Building Regulations, Planning Permission and Wildlife Habitats
There is generally a consensus amongst property owners that they need some form of planning permission if they wish to make any changes to their properties, but there are also building regulations to consider as well. Along with the need to adhere to safety and health requirements, that might have to be accounted for in the architectural design of the building. There is a fundamental difference between planning permission and normal building regulations. The job of building regulations is to set benchmarks for the overall design and building construction of new buildings so as to make sure that the health and safety of individuals who use the buildings or live in their surrounds is safeguarded. They endeovour to cover such aspects as the use of fuel and power to make sure there are conservation practices built into the construction of the building.
The idea of planning and getting planning permission is so that there is some monitoring of development in both the towns and their adjoining countryside. This tries to cover buildings and land usage, the outer appearance of buildings, landscaping around buildings and how the buildings fit into the general landscape along with the effect that the development might have on the overall environment in the particular area. Much of the building work will require approval from the two different bodies and they have to be dealt with separately. Any minor changes to property will not require planning permission but will most likely need to get permission from the building regulations watch dog. The local health and safety department might have to be consulted as well to ensure that the new construction does not breach any health and safety regulations.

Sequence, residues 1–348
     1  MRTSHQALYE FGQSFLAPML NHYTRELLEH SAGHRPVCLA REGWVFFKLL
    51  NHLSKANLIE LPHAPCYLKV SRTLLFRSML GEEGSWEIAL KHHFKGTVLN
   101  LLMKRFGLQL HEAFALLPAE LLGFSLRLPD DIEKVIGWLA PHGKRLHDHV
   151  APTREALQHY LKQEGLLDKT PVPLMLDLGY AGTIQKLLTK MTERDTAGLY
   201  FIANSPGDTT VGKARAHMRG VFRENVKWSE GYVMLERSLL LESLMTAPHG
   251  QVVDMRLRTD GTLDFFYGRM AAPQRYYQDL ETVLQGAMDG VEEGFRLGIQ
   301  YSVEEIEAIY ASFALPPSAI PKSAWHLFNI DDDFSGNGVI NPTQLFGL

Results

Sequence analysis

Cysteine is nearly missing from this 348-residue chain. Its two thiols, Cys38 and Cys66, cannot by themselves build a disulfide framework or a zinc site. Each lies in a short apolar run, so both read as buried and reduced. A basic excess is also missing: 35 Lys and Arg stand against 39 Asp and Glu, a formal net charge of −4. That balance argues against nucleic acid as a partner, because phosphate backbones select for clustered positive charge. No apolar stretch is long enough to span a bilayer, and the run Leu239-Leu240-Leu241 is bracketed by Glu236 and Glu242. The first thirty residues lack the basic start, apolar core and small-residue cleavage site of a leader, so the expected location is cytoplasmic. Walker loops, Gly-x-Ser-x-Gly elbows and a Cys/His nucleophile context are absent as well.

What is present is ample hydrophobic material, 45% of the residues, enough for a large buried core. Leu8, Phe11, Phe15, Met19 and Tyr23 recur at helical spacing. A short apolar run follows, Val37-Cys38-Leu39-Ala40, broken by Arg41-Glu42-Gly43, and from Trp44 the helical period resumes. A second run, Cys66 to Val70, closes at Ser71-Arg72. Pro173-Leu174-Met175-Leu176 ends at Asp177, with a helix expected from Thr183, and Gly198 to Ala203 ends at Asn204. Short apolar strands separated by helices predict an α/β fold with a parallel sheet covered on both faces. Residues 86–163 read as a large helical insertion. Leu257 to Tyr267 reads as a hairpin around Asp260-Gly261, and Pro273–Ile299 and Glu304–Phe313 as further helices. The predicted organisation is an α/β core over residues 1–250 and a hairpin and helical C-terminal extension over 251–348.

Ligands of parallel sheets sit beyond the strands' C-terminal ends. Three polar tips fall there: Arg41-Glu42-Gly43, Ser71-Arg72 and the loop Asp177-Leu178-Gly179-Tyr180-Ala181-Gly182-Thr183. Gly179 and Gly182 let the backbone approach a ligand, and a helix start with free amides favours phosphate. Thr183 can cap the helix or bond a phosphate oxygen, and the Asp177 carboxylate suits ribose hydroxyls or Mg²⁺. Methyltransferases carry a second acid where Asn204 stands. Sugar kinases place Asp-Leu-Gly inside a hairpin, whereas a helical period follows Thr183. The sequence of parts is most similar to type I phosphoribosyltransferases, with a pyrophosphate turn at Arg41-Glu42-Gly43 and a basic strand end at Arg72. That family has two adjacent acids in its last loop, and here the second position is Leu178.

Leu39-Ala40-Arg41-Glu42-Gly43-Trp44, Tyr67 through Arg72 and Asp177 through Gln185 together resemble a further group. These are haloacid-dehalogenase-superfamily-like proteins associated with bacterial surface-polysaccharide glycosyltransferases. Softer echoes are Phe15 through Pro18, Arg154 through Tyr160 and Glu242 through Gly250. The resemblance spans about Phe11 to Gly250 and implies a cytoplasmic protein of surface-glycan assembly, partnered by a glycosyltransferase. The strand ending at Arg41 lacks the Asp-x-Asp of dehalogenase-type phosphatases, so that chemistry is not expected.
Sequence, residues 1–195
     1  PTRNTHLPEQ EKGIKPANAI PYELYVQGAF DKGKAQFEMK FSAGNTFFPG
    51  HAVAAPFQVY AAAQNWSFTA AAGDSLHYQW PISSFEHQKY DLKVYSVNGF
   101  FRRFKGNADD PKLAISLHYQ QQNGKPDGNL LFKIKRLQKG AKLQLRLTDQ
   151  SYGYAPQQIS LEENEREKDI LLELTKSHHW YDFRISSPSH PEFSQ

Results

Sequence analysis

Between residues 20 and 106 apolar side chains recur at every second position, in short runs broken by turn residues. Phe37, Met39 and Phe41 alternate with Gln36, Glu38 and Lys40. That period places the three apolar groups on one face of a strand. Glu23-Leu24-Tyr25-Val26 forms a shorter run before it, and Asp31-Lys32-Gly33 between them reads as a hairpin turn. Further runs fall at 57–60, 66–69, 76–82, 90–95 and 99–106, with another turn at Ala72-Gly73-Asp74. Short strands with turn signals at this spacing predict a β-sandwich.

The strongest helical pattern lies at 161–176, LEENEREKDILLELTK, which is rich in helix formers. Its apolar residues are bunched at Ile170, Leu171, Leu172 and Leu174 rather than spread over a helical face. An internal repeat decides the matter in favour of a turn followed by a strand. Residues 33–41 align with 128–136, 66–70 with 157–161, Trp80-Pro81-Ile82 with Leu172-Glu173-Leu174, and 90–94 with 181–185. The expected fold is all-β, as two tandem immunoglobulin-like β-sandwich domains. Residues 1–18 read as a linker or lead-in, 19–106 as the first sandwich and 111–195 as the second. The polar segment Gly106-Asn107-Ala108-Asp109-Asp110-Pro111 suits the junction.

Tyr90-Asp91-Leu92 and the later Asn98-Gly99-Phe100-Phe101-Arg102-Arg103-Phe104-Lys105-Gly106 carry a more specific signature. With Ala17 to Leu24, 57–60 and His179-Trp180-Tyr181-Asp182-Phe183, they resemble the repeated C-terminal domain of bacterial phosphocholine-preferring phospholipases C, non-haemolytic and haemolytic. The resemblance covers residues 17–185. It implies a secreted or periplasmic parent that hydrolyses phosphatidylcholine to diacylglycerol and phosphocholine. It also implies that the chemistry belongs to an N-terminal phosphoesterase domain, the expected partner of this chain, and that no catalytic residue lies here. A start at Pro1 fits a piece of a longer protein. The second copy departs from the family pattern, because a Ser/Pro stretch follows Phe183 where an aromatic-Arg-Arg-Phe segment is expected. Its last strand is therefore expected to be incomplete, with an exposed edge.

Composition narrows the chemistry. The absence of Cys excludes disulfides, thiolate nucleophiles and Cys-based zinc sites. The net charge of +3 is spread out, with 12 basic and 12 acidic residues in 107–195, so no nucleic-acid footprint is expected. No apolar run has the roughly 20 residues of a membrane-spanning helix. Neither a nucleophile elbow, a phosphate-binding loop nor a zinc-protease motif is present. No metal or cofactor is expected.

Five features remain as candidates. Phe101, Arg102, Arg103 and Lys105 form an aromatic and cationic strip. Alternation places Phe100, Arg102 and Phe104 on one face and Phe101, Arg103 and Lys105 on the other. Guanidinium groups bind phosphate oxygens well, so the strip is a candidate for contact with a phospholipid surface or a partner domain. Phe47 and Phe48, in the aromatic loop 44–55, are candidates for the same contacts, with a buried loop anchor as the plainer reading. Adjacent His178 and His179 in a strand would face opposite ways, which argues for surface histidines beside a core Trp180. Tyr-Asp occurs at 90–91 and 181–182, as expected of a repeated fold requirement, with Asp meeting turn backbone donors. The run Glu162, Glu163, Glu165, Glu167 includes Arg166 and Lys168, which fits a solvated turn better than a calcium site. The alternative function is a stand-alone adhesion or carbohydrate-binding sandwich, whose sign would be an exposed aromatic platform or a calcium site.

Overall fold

Further to planning permission and building regulations there are wild life concerns as well. Under the Countryside Act of 1981 certain wildlife habitats are protected. If your building work is likely to affect the environment of wildlife then the wildlife habitat takes precedence over any building rights you might have. The planning division in your local council will have all the details of any likely danger your building proposal will be to wildlife habitats. Some buildings for example on larger estates might be home to roosting bat colonies and special conditions have to be followed if building or alteration to buildings take place on these properties. These might include treating timber frames, constructing extensions or rebuilding older buildings. What ever the work is, it must not disturb the natural habitat areas of certain types of bat colonies. In general, most smaller home owners may only have to concern themselves with building regulations as planning permission has been waved for smaller renovations and building projects. Unless they happened to have bought a small cottage in the countryside where wildlife abounds and they are located in a conservation area and in a listed house then most building projects can be done with the minimum of fuss and expense.